What is the background to the consultation published by PASA on DB Transfer Code of Good Practice?

In July 2019, PASA issued it Guide to Good Practice on DB Transfers for standard cases, expressly excluding non-standard cases including overseas transfers, non-statutory transfers or transfers where due diligence identified a risk of a pension scam. PASA’s intention then was to issue future Part 2 Guidance in relation to non-standard cases.

It was since agreed that, instead of issuing two separate parts to the guidance, there would be one Code of Good Practice for all DB transfers, and that this would be put to consultation to the industry. The consultation was issued on 20 February 2020 and was due to close on 30 April 2020 but has now been extended to 30 September 2020.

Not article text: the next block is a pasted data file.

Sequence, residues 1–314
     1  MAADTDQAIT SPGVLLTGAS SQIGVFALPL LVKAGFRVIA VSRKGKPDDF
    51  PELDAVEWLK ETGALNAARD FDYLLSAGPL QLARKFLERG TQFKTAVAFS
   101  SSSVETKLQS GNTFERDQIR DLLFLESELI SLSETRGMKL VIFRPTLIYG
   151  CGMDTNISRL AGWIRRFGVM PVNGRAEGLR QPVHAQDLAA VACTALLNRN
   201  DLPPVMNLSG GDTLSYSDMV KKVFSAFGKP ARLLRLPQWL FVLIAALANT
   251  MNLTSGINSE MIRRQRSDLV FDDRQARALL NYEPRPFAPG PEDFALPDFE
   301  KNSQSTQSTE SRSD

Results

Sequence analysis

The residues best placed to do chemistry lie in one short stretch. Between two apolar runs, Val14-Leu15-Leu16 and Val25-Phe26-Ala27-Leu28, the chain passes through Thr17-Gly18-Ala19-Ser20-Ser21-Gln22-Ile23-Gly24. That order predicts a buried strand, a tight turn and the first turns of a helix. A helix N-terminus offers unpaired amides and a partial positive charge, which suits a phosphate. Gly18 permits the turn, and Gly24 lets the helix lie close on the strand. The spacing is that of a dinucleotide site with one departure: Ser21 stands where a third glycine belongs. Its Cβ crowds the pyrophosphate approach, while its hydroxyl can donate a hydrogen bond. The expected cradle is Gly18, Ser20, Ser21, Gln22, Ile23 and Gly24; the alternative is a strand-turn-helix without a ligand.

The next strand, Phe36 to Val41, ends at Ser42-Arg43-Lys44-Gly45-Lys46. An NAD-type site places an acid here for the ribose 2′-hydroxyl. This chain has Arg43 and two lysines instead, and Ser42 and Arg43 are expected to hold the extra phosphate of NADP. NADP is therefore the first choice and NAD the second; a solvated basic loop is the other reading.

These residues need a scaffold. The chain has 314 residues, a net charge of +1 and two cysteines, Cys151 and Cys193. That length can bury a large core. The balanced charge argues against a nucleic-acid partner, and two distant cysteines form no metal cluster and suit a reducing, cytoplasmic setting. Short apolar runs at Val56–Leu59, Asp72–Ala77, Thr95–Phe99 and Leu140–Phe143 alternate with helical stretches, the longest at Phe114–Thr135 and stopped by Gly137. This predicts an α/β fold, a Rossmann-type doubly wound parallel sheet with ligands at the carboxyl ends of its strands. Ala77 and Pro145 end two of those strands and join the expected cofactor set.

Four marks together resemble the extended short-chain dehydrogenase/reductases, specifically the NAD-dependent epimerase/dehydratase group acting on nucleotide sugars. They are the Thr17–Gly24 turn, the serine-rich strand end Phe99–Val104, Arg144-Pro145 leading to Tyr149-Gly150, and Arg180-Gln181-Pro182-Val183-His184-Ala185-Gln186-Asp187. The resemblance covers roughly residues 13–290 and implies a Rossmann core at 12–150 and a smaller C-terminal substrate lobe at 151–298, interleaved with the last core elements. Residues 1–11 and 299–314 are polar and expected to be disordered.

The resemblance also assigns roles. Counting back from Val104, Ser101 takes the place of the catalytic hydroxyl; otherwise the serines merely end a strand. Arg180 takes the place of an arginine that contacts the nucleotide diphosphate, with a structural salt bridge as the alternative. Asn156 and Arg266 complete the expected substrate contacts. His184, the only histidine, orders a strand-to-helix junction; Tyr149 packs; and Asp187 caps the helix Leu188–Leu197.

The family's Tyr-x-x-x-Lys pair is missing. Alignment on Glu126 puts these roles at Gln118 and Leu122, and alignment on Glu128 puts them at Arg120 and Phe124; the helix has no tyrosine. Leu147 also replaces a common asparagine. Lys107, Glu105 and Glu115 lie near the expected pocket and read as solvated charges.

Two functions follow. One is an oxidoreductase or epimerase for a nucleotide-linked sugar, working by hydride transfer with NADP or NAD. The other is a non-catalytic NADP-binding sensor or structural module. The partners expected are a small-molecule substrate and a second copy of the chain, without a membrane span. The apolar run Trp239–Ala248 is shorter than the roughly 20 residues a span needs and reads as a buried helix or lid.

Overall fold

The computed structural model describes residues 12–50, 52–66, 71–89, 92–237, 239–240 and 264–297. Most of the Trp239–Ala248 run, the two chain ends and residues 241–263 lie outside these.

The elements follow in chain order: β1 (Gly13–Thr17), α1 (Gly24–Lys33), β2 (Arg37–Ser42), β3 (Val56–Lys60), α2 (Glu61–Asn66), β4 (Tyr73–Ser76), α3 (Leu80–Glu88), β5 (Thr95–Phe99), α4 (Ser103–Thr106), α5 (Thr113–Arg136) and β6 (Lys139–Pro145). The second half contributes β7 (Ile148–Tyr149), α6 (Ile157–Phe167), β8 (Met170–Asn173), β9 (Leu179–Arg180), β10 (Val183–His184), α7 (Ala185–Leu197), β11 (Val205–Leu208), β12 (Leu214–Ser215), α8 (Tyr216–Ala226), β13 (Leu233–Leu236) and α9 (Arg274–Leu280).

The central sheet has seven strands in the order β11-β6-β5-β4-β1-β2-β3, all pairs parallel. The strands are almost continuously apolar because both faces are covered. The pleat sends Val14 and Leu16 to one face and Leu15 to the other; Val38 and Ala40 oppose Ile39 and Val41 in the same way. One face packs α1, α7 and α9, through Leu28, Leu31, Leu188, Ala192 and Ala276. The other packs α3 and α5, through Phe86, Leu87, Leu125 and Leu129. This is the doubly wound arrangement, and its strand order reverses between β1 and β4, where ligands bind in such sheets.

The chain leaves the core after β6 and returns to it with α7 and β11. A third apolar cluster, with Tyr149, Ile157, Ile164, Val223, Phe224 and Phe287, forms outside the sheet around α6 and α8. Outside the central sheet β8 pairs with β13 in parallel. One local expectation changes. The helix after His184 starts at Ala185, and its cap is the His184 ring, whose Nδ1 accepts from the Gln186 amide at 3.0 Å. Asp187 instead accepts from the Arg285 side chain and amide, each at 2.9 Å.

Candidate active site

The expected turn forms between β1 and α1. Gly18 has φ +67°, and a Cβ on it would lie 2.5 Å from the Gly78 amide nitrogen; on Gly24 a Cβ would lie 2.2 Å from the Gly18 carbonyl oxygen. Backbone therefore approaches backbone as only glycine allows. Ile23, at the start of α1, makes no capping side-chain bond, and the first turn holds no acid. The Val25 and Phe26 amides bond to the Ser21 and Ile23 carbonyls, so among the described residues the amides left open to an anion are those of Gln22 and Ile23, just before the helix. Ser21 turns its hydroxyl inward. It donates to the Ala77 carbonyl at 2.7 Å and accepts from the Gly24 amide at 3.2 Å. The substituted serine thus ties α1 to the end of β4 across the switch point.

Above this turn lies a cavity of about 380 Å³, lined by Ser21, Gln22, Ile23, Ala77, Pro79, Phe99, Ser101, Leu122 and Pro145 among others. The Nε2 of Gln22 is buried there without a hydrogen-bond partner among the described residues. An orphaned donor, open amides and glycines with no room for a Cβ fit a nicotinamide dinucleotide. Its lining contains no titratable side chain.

The introduction of freedom and choice in 2015, the significant increase in transfer values in recent years and increased advisor activity has led to a significant increase in the number of transfer quotation requests. Unfortunately, one impact has been a slowing down of the transfer process, which is often preyed upon by scammers to set members’ minds against the transferring scheme, increasing the likelihood of poor decision making. Readers will all have seen the headlines reflecting hundreds of millions lost to pension scams every year.

The intention of the code is to set an industry process that balances the protection of members’ interests with their over-arching statutory right to a transfer and the need to meet their requests in a timely fashion.